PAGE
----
Interesting scenario they are bringing up: Stevens is booted out of the Senate, and Palin, back to being governor of Alaska, appoints herself to replace him. Then Palin and Hillary Clinton will have to see each other every day in the Senate. Wierd.


5:00 am: Even the cautious NY Times is calling Ohio for Obama. This is starting to get boring. Oh, for the days in 2000 when it was neck-and-neck all night!

I do note that the popular vote is evenly split between BO and JM. America is still a divided country, even if it seems that Obama is winning easily. The electoral system is so ridiculous (though I acknowledge it has its benefits). Too tired to think about that right now. My bed calls to me . . .


4:52 am: FOX and CNN are calling Ohio for Obama. If they're right, as far as I'm concerned this is all over and I may as well go to sleep.

You might be wondering who I want to win . . . well, maybe I'll tell you, and maybe I won't . . . but for now let's put it this way: If Obama wins, I'll think it's really neat that the US has gotten to the point, socially, where a black man can become President. And if McCain wins, I'll think it's neat that we have a female Vice President (even though I can't stand the woman and I cringe every time I watch her talk).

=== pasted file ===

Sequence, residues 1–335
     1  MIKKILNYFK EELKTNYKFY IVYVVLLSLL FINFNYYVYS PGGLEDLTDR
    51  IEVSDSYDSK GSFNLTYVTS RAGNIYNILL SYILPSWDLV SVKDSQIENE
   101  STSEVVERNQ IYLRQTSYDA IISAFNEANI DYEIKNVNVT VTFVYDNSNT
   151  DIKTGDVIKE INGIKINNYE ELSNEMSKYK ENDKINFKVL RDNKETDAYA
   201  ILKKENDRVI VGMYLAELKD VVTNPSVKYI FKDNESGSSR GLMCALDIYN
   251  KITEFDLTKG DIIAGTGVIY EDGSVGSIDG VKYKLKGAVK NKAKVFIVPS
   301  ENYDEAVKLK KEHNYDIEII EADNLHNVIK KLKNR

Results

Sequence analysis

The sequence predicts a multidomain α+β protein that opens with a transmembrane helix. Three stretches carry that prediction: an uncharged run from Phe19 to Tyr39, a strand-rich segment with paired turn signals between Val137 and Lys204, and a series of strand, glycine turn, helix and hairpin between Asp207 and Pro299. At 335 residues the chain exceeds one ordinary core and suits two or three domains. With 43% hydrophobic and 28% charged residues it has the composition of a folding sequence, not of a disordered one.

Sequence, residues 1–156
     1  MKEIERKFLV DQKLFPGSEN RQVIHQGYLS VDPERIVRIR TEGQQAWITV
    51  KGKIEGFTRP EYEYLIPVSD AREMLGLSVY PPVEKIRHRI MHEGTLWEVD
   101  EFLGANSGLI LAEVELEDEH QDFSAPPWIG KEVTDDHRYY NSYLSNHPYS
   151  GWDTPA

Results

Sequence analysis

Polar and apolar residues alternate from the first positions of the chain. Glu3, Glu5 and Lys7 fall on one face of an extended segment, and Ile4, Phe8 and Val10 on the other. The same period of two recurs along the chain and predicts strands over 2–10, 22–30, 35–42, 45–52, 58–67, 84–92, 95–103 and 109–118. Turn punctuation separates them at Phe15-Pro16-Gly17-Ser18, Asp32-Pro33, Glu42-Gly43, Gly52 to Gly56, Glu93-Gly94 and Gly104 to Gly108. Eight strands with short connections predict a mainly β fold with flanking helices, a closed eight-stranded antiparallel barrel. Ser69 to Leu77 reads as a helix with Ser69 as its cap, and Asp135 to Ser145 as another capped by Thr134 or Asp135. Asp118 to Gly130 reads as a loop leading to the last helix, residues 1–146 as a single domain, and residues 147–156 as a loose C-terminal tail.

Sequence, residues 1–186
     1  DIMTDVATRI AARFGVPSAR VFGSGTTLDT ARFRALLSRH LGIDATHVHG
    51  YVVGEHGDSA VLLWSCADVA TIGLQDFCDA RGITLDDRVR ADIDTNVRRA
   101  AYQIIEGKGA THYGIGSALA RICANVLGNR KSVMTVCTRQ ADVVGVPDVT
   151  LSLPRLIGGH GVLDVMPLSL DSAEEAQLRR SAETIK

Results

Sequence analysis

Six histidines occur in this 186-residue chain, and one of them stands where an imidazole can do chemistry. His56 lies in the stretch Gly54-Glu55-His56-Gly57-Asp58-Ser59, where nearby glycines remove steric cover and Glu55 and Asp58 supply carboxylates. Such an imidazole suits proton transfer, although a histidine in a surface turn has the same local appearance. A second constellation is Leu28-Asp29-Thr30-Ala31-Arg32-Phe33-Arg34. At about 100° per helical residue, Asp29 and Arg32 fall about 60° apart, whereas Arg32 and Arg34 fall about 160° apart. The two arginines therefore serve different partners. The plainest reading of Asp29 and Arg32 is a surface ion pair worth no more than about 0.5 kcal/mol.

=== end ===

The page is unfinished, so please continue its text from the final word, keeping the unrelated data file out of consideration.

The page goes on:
Regarding their policies and fitness to lead, maybe I'll write about that some other time. Or maybe not.

I've been posting updates at the bottom of my last post, but am thinking it would be better to create a new space for the live election blogging, and post new stuff up top.

Tuesday, November 04, 2008

Sitting on Shpilkes

I cannot wait for tonight.

I will be up, either at my desk with my internet connection on, or at the local "Barack, Arack, and Boreka" election party (so named by the Canadian-Israeli organizer because "Barack" rhymes with "Arack" - it's open to McCain supporters equally) at the PresenTense offices.